Would you rather be at the “Most magical place on earth” or stay home for some “Netflix and chill”? But it seems that the “most magical place on earth” also wants to chill with you…

Everyone knows the euphemism “Netflix and chill”. Netflix is an American content streaming platform founded in 1997 and IPO’ed in 2002. The founder, Reed Hastings, has become kind of tech celebrity after the Netflix culture deck went into the public domain, and the recent publication of the book No Rules Rules, which he co-authored with INSEAD professor Erin Meyer.  

As of October 2020, Netflix has had over 195 million paid subscriptions worldwide, including 73 million in the United States.

Disney+ is also a subscription video on-demand streaming service that only debuted on November 12, 2019. Despite that only being after a year into its launch, on December 10 2020, Disney announced that the number of subscribers on Disney+ had surpassed 86 million. They also announced that they are planning to create even more Star Wars and Marvel content on Disney+.

Rumours that Disney+ would make Southeast Asia a major market started circulating around that time too. Disney+ Hotstar was launched in September 2020 in Indonesia, in partnership with the country’s largest telco Telkom. Netflix was already in the country, but only available to credit card users (less than 3% of the population), and was once blocked by Telkom. 

Disney+ is also launching in Malaysia soon, home of the now demised regional streaming platform iflix

Netflix and Disney weren’t always direct competitors, in fact they had a good relationship in the past. Lucrative licensing agreement, Marvel spins offs and even the renewer of Clone Wars for a final season in 2014. It seemed like a perfect match, but with the impending launch of Disney+, Disney began to pull its content off of Netflix. Its five Marvel superhero shows were abruptly cancelled in early 2019.

The partnership between the two was clearly an opportunistic grab for Disney to test the water and gain the knowledge they needed to launch their own streaming service to systematically disrupt Netflix’s hold on the market to add one more revenue stream to the already vast Disney kingdom. (Pun intended)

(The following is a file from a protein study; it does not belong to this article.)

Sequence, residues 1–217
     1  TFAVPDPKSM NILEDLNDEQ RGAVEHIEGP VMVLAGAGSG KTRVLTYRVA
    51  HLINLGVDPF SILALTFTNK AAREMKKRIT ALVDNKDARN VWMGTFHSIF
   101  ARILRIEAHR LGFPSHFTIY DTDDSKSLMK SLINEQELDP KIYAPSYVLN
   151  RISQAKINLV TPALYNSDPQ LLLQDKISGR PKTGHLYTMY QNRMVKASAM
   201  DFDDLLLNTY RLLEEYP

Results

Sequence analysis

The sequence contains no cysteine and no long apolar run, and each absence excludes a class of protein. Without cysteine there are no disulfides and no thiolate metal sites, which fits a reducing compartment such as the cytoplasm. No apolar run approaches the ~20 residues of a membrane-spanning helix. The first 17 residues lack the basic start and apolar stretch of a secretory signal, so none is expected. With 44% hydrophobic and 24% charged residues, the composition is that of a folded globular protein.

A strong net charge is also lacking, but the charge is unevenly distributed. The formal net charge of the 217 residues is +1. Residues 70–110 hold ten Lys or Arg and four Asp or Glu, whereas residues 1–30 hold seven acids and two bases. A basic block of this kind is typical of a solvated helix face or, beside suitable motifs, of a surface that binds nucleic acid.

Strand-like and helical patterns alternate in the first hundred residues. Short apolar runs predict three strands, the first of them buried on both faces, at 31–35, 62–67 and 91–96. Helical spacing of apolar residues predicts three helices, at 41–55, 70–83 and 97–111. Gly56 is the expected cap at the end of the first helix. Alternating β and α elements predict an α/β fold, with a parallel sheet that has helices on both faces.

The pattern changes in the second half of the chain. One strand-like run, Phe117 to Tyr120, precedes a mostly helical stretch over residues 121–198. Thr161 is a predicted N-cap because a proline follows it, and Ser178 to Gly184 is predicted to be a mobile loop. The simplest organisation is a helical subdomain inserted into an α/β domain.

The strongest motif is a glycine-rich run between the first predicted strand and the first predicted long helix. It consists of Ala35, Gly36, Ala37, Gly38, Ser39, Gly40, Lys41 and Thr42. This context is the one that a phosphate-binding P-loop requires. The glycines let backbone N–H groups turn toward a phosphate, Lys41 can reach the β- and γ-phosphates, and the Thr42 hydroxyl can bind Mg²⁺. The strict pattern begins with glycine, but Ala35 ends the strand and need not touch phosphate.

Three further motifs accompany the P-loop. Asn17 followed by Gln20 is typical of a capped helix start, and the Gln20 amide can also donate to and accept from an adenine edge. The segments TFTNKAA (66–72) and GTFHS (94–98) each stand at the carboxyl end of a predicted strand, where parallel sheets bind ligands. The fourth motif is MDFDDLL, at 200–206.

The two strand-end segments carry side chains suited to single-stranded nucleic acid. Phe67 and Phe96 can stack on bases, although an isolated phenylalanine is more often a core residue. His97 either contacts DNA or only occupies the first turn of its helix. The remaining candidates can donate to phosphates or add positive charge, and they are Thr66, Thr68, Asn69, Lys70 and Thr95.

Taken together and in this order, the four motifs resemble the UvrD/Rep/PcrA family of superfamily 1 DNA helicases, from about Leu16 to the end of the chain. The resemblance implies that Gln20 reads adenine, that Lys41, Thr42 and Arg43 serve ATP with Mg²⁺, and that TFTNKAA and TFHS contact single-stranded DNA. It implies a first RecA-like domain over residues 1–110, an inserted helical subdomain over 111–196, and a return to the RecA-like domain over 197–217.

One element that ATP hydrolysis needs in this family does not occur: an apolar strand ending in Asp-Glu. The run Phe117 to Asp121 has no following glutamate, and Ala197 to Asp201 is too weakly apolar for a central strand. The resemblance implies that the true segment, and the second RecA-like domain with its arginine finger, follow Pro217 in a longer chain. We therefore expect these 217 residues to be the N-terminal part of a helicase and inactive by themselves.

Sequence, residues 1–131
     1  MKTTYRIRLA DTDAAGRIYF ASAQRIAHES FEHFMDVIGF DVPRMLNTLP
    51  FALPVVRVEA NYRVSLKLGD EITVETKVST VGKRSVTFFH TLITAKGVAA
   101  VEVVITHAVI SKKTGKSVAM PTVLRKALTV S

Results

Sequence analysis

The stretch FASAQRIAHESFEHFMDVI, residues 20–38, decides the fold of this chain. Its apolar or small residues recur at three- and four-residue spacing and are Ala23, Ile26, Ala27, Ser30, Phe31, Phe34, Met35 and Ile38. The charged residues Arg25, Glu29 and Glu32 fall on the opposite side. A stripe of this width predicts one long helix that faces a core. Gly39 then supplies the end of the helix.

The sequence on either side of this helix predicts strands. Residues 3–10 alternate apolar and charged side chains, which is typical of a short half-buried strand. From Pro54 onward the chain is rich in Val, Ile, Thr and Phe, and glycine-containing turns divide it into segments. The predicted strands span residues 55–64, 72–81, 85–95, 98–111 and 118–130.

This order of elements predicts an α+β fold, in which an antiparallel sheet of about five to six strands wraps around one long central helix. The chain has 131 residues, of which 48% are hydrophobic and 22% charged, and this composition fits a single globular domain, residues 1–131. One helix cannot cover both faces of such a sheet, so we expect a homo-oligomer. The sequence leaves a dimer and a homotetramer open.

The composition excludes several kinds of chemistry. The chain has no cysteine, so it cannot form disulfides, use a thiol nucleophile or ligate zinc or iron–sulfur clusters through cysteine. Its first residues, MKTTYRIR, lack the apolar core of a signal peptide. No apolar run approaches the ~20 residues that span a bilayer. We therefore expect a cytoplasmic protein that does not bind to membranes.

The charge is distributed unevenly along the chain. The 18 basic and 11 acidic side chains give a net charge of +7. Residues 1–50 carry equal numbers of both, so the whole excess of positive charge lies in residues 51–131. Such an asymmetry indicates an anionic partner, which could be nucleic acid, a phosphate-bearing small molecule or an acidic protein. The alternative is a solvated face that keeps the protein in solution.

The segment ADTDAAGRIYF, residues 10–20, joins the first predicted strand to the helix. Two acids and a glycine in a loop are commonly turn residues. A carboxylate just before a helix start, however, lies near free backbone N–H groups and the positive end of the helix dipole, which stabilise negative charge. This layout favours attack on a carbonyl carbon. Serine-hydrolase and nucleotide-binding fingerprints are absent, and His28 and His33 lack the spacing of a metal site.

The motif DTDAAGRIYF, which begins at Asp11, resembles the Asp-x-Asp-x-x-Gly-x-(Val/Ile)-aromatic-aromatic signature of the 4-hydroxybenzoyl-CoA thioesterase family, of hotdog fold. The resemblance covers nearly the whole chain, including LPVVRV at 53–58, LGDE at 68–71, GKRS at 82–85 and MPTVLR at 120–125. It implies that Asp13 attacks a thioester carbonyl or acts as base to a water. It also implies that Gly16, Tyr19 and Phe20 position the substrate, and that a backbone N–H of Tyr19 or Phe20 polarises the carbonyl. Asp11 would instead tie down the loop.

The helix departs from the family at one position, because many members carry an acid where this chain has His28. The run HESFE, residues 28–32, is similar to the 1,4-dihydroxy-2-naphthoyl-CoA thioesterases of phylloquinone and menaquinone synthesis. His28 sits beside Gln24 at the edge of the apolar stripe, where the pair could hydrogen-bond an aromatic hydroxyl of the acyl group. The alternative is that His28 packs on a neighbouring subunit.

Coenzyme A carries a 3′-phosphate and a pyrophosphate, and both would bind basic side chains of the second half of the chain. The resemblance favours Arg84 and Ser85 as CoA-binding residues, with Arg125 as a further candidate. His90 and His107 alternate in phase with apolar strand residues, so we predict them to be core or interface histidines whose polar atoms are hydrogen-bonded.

The question remains why Disney, an already multi billion dollar company, with the vast amount of popular intellectual properties and producer of record breaking box office movies year after year, would want a piece of streaming service pie?

The answer, they are looking into the long term. Movies and television consumption are slowly dying and probably obsolete in another 10 years. Furthermore, Disney has to work with 3rd party media to host their movies and shows; i.e., cable companies and movie theaters.

Yes, you would want direct access to consumers similar to a food delivery platform, so that in future you will not be relegated to just a cloud kitchen. This is especially for a media empire like Disney which owns so many good IPs. 

Not to mention with COVID-19 speeding up the public’s digital media consumption, movie theatres are no longer viable and cable TV subscriptions have been severely impacted with the economy.

Since the start of the pandemic, the number one streaming service that has seen the most growth is Disney+. In their first year they accumulated 73 million subscribers, which surpassed their initial 5 year subscriber goals in just 8 months. As compared to Netflix which took 9 years to get a similar amount of subscribers.

Ultimately Disney is adapting to the times and seizing the opportunity to have full control of its distribution.

Disney has proven again and again that they can invent themselves to adapt to the ever-changing world. In Indonesia, where Disney+ is going aggressively, they are charging much cheaper compared to Netflix to win customers. Disney+ new investor base probably has that patience for growth rather than upfront profits. 

 

Netflix Per month Disney+ HotStar Telkomsel based Disney+ Non Telkomsel based
Paket Mobile Rp 54.000
($3.85 USD)
1 month Rp 20.000
($1.42 USD)
Monthly  Rp 39.000

($2.78 USD)

Paket Basic Rp 120.000 

($8.55 USD)

3 months Rp 49.000

($3.49 USD)

Annually RP 199.000

($14.18 USD)

Paket Standard (HD) Rp 139.000 ($9.90 USD) 6 months Rp 79.000
($5.63 USD)
Paket Premium (Ultra HD) Rp 169.000 ($12.04 USD) 12 bulan Rp 139.000

($9.90 USD)

Table: Streaming services prices in Indonesia

 

However, we should not discount the massive amount of data that Netflix has accumulated and years of experience of understanding streaming customers’ behaviour. 

Both companies are great innovation powerhouses and attracting the best creative talent in the industry. The history of this battle is still being written. 

Now where is HBO? 

 

Thanks for reading The Low Down (TLD), the blog by the team at Momentum Works. Got a different perspective or have a burning opinion to share? Let us know at hello@mworks.asia.